Solitude as part of Auckland Festival of Photography 24 May

Posted by Fiona Cable on

This year the OutThere Collective chose the theme of “Solitude” to explore for the Auckland festival of photography. It has been an interesting exercise with some of the group leaning towards the enjoyment of solitude and other’s finding the topic slightly darker in mood. It is a theme that the group felt interesting to address now, in a world where technology is perhaps changing human’s social context. We wanted to explore whether solitude is a solace people crave from the chaotic, constant barrage of noise and stress. We also wanted to compare “solitude” to its darker twin “isolation” and explore whether the advance in technology has led man into a lonely place behind perfect personas created on social media.


The exhibition will be a celebration of the collective’s diversity and promises to offer moody, evocative and thought provoking works.

Judy Stokes is well known for her Intentional Camera Movement creating images that at first glance could be paintings rather than photographs. Winning the Taranaki National Art award in 2017 with her photograph “Storm out at Sea” she celebrates her life out at Muriwai beach. Judy enjoys a natural affinity with the pleasure of solitude, often seeking it in nature and on the ocean. Her exploration for this exhibition has been to share this with others, tempting her viewers to leave behind the hustle and bustle of the busy (and ever growing busier) world.

Gail Stent joins Judy in her quest to show escape from the chaotic world. A talented underwater photographer, Gail finds that immersed in water one is able to isolate one’s mind and be completely independent of the distractions of normal sensory input. “There isn’t another place like it in the world where you experience buoyancy, peace, solitude –  a place far removed” In her photographs for this exhibition Gail portrays single subjects, weightless and free, in a place where the world is temporarily forgotten and where, in the absence of sensory input, they reach a state of consciousness deep in the human mind.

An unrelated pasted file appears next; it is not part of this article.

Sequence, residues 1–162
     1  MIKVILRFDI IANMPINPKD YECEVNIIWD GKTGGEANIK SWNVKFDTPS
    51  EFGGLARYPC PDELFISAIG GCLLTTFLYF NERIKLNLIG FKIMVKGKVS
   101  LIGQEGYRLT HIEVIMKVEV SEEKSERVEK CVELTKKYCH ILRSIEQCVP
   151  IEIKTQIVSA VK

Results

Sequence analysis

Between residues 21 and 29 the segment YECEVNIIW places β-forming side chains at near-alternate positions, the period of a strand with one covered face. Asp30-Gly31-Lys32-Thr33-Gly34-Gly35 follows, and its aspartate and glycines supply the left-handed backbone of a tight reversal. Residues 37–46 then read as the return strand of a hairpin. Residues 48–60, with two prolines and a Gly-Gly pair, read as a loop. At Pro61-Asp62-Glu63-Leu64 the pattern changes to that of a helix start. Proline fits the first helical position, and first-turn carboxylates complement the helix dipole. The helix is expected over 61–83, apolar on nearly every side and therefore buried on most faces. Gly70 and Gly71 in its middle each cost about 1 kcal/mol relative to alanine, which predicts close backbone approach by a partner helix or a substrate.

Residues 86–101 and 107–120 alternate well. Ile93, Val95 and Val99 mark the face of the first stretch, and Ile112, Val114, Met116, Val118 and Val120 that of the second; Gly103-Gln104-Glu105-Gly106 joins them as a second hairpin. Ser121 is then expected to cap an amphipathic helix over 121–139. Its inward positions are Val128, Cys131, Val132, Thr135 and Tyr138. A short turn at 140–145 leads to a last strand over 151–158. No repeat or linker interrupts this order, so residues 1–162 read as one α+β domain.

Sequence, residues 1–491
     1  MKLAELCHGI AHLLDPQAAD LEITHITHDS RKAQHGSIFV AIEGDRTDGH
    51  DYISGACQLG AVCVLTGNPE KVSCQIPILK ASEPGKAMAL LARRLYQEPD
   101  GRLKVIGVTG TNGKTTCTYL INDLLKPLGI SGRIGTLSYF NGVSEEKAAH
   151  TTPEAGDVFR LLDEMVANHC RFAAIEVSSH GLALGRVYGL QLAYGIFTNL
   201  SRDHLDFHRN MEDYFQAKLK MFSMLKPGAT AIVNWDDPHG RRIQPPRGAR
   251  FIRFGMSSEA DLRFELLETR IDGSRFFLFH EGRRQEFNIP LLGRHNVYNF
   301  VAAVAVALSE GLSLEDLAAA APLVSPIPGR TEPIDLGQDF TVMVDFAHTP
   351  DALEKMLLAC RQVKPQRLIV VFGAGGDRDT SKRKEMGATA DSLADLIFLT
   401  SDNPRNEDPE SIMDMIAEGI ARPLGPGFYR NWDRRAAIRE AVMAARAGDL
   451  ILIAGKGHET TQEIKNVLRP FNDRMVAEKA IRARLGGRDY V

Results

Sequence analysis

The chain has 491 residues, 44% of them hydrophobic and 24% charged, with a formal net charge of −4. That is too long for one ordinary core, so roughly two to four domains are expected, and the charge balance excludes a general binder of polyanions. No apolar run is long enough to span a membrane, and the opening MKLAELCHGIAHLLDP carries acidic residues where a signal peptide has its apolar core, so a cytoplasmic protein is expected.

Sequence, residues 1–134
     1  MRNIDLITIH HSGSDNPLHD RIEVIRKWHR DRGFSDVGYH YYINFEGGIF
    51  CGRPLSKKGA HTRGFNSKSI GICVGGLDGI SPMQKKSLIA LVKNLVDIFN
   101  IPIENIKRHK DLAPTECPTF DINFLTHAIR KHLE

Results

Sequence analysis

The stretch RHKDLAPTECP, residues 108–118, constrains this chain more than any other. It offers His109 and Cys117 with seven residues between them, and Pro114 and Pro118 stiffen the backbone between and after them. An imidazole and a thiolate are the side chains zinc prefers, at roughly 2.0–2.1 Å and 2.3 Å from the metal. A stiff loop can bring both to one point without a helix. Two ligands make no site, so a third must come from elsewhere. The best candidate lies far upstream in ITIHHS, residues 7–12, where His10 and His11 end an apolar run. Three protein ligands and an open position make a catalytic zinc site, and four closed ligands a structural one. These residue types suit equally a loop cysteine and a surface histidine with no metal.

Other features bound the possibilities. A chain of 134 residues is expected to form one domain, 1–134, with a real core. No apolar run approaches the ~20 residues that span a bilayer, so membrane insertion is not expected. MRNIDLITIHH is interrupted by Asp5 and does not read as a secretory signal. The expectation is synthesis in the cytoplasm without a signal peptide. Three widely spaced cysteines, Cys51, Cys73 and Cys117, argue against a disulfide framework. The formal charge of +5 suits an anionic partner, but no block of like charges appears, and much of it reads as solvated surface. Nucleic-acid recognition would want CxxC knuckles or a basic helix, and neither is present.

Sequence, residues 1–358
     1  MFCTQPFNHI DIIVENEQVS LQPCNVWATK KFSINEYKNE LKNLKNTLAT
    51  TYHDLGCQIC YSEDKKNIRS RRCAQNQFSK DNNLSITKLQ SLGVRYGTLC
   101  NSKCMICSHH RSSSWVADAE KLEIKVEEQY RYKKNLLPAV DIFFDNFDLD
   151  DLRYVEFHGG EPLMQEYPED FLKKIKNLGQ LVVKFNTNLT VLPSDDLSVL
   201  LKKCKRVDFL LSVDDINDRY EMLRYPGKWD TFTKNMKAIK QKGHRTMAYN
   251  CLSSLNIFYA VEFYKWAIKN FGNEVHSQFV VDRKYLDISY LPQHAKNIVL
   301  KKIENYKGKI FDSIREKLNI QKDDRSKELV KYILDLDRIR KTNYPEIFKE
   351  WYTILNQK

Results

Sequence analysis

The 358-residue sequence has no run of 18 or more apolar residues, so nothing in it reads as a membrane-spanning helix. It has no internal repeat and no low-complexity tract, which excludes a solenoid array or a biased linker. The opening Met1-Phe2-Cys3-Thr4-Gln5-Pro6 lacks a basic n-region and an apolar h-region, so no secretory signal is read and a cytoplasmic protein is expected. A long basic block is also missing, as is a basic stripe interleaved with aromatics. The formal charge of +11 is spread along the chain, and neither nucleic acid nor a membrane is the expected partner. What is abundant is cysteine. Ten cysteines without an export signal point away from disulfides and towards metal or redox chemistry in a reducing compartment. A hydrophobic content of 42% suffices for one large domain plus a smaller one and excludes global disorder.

Dave Simpson, a prolific music events photographer, has explored the theme of solitude within his genre. Performers, behind a wall of bright lights, looking out to the darkened crowd, often seem to exude an essence of reaching deep into themselves- into an inner place of solitude. Dave’s images in this exhibition search for the slightly unusual connection of solitude within the performing artist.

Peter Arnold believes that while photographic images have been manipulated from the beginning of photography, the advent of the digital image is pushing the photography into a new genre and in the future the camera as we now know it, will be replaced by a programmable Artificial Intelligence digital image recorder . In the meantime he feels that digital manipulation allows you to take an image and change it to what is in your imagination, and in doing so create a truer representation of your personal world. He believes digital manipulation is still in its infancy. In the future the combination of programmable AI cameras and sophisticated post production tools will transform photography into a new and exciting genre where the only limit is your imagination. His images are a constant experimentation, exploring the digital possibilities of photography, they are thought provoking layers of complexity requiring the viewer to ask questions within themselves, about themselves and their world.

John Botton, a very successful printer of fine art (PrintArt,) is himself also a fine artist. His work for this exhibition and the theme of Solitude, begins to explore the relationship between subject and environment. In this body of work, he has used driftwood as a metaphor for the fabric of society which creates the backdrop over which the human form is juxtaposed. By using digital manipulation techniques John has interwoven the two showing how people living in a modern and frenetic world can find solace and strength in the knowledge of their own identity like the Tā moko worn by the Māori.

Solitude comes from the Latin word 'solitudinem', which means "loneliness," but that doesn't necessarily mean you're lonely. Solitude may imply that you are apart from all human beings intentionally or by circumstance.

Schopenhauer stated in 1818, that “A man can be himself only so long as he is alone; ... if he does not love solitude, he will not love freedom; for it is only when he is alone that he is really free.” Is this still relevant in 2018?

The OutThere collective invite you to join them at Railway St Gallery from the 24 May to 12 June 2018 as part of the Auckland Festival of Photography, and enjoy their diverse visual exploration of this interesting topic. If you would like interaction with the five of them, they will be available at the opening on Thurs 24th May 5-8pm, as well as on the 9th June 1-3pm for an artist meet and greet session.

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